“…soaring* above the bowing * of taut * nerves in haphazard double-stops* would be the one singing string of her determination.”

statue and shooting star

“… only then did he realize that the isolated system-galaxy, engine, human being, culture, whatever—must evolve spontaneously toward the Condition of the More Probable*”

heat death

“He found himself, in short, restating Gibbs’ prediction in social terms, and envisioned a heat-death for his culture in which ideas, like heat-energy, would no longer be transferred, since each point in it would ultimately have the same quantity of energy; and intellectual motion would, accordingly, cease.”

dead tree on hill


zen and now

utah road

“You see things vacationing on a motorcycle in a way that is completely different from any other. In a car you’re always in a compartment… through that car window everything you see is just more TV. You’re a passive observer and it is all moving by you boringly in a frame. On a cycle the frame is gone. You’re completely in contact with it all. You’re in the scene, not just watching it anymore, and the sense of presence is overwhelming.”

snowy road

“We want to make good time, but for us now this is measured with emphasis on ‘good’ rather than ‘time.'”


“Unless you’re fond of hollering you don’t make great conversations on a running cycle. Instead you spend your time being aware of things and meditating on them. On sights and sounds, on the mood of the weather and things remembered, on the machine and the countryside you’re in, thinking about things at great leisure and length without being hurried and without feeling you’re losing time.”

cablecar moon

~Robert Pirsig, Zen and the Art of Motorcycle Maintenance

east of eden

“Ansel Adams… understood that the landscape is not only a place but an event”

Red Rocks

“Trained as a musician, Adams understood the richness of variation that could be unfolded by a simple theme, capable of evoking the specific quality of a given moment in the natural history of the world.”

Niagara Falls

“…the deeply romantic idea that the great vistas and microcosmic details of the wilderness could be seen as a metaphor for freedom and heroic aspiration.”

Moon with sunset clouds

“A surviving fragment of Eden.”

voyage of life


“In childhood there is no cankering care; in Youth no despairing thought. It is only when experience has taught us the realities of the world, that we lift from our eyes the golden veil of early life: that we feel deep and abiding sorrow.” ~Thomas Cole, artist statement, Manhood, The Voyage of Life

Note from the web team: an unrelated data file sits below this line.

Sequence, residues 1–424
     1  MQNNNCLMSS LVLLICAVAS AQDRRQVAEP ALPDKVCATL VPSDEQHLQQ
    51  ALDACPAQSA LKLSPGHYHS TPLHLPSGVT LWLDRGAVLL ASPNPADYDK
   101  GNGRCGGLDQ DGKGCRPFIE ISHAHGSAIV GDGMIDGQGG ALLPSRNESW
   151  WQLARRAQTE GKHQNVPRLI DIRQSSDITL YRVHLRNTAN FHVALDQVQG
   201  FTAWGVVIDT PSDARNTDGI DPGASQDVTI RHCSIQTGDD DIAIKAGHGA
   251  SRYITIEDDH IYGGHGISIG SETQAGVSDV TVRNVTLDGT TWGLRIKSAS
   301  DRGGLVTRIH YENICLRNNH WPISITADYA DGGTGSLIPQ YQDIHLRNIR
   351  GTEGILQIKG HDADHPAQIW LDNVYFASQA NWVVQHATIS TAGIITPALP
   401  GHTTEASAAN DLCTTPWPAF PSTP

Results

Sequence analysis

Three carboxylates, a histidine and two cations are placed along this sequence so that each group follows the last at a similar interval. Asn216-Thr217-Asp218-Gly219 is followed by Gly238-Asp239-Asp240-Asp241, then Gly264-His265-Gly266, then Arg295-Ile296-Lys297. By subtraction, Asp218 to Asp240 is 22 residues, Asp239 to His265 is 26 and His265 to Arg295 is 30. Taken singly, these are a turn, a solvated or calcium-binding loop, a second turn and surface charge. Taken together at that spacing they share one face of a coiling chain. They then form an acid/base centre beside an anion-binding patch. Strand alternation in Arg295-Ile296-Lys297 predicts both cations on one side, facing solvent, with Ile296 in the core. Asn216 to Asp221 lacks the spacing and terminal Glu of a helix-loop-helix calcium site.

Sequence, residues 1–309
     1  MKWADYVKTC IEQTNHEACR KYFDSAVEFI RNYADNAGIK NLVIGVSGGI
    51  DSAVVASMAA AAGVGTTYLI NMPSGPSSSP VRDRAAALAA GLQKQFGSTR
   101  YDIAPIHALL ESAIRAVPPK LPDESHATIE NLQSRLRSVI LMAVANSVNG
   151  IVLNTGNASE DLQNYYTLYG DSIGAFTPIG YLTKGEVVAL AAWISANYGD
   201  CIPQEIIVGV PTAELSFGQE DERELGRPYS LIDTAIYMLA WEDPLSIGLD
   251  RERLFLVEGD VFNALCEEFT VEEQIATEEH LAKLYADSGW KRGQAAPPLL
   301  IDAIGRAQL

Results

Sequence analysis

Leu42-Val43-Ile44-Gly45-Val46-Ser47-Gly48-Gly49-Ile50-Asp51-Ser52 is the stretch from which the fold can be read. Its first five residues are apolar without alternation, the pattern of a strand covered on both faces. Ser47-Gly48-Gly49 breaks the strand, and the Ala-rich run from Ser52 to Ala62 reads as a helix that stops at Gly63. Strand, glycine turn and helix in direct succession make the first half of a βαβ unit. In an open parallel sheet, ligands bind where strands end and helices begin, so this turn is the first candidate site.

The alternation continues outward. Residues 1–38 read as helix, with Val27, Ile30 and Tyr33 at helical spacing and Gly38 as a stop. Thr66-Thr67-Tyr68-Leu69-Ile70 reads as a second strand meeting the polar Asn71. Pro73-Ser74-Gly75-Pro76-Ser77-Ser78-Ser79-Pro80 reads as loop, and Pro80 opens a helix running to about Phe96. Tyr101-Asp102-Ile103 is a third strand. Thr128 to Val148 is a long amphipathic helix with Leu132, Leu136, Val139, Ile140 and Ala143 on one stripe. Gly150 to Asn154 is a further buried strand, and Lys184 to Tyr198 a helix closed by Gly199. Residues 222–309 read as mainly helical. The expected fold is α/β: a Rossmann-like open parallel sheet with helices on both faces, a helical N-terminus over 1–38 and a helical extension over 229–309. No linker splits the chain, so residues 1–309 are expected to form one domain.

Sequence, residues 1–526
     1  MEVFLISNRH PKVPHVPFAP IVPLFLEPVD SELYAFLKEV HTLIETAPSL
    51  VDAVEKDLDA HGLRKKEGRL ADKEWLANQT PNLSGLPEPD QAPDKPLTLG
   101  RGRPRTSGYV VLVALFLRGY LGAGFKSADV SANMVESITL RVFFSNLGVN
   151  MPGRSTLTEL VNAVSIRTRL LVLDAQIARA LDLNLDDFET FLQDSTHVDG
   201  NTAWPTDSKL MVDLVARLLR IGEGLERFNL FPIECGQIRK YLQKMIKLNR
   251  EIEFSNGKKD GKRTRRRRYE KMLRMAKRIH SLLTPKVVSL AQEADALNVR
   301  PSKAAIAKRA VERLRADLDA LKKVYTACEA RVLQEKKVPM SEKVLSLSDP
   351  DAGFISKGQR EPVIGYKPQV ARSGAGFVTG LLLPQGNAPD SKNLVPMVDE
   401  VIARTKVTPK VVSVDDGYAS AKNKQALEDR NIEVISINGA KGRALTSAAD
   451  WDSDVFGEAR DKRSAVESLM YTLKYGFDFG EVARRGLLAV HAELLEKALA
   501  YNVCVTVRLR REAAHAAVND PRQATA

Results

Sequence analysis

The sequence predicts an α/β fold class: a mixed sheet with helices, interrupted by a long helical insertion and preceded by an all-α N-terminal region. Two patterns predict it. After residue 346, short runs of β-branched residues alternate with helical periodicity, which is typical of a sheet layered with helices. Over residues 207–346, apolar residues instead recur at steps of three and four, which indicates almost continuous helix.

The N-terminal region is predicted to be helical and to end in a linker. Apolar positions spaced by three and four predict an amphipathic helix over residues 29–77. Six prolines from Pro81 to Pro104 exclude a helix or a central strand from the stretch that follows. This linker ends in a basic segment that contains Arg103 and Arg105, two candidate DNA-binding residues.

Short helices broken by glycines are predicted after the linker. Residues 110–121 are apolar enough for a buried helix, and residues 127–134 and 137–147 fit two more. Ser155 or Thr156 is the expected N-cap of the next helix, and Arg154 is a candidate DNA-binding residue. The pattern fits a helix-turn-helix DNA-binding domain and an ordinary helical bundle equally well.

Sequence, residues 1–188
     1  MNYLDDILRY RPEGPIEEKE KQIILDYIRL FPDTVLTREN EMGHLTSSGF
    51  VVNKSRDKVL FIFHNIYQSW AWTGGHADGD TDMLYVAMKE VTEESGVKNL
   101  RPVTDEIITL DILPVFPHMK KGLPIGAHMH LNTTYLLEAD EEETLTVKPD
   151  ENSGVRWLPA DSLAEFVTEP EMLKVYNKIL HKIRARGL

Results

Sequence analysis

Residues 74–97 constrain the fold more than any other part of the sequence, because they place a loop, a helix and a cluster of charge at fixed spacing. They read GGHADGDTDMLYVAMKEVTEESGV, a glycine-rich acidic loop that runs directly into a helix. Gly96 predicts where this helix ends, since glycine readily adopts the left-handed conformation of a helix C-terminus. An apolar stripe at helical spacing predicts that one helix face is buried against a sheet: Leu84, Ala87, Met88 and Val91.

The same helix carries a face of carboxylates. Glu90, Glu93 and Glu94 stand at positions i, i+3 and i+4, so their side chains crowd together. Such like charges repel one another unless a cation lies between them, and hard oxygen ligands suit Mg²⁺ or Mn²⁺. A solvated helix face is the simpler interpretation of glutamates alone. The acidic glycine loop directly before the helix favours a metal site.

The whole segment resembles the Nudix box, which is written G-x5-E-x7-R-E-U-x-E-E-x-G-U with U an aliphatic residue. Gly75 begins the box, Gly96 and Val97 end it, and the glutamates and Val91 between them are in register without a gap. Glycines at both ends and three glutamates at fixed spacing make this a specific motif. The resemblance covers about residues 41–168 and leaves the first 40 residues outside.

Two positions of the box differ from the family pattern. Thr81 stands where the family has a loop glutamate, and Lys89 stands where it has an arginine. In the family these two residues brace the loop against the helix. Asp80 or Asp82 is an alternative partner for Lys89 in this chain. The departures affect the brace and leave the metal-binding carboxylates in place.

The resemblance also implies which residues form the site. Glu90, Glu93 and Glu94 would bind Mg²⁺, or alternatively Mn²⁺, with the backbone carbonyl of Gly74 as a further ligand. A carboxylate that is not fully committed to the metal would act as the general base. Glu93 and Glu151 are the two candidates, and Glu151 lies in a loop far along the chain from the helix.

One of my favorite spots in DC is standing in the center of Thomas Cole’s epic 4 panel “Voyage of Life” painting. It’s like meeting an old friend who convinces you to waver away from the jaded end of the young/idealistic – aged/cynical spectrum. 

endless forms most beautiful

Sometimes, nature imitates itself.

Remind anyone of this graphic?

“One is only micrometers wide. The other is billions of light years across. One shows neurons in a mouse brain. The other is a simulated image of the universe. Together they suggest the surprisingly similar patterns found in vastly different natural phenomena.” Reblogged from The New York Times > Science

Similarly, a lone evergreen overlooking Loveland Pass, Colorado…

… Evocative of axons of neurons stripped of boutons (the neural connections each healthy nerve cell should sprout many of.) Not plentiful in underutilized neurons:

Thus, on a broad scale:

Not watering your evergreens ~= not watering your brain

Deforestation ~= Synaptic pruning

Evergreens, ironically, The Grand Canyon of the Yellowstone

Something vast to think about…

And not so vast – sometimes man imitates nature as well 🙂

this side of paradise, part iii

Maybe if I post enough pictures of bone-crushingly cold weather it will actually become such. Just kidding. Never really understood why people enjoy hot weather. But then again, paradise is subjective 😉

“Time for the weather report. It’s cold out folks. Bone-crushing cold. The kind of cold which will wrench the spirit out of a young man, or forge it into steel.”

— Diane Frolov & Andrew Schneider, Northern Exposure, Lost and Found

Seven Ages of the PhD

I read a really interesting and introspective article in Nature recently – “Seven Ages of the PhD” – documenting individual scientists’ experiences and insights as PhD students in the past 7 decades.

Generally, each decade has an overarching tone in one’s approach to research, a pervading mindset towards science and discovery, if you will. The contributors ranged from a British biologist who worked with Rosalind Franklin to a Chinese glaciologist working after the Cultural Revolution crushed Chinese academia to a Nigerian chemist whose home university did not have the necessary equipment to conduct her research.

It was wholly inspirational and I cannot wait to start my PhD 🙂


1950s: the age of formality

1960s: the age of independence

1970s: the age of innocence

1980s: the age of internationalism

1990s: the age of revolution

2000s: the age of perseverance

2010s: the age of communication

“A good PhD often raises more questions than it solves.”
— Raymond Gosling

this side of paradise, part II

“Utility is when you have one telephone, luxury is when you have two, opulence is when you have three – and paradise is when you have none.”

— Doug Larsen

“I would say my theme has always been paradise lost, always the lost cause, the lost leader, the lost utopia.”

— Marguerite Young

“Anything that lives where it would seem that nothing could live, enduring extremes of heat and cold, sunlight and storm… testifies to the grandeur and heroism inherent in all forms of life. Including the human. Even in us.”

— Edward Abbey

“I’m a romantic; a sentimental person thinks things will last; a romantic person hopes against hope that they won’t.”

— F. Scott Fitzgerald, This Side of Paradise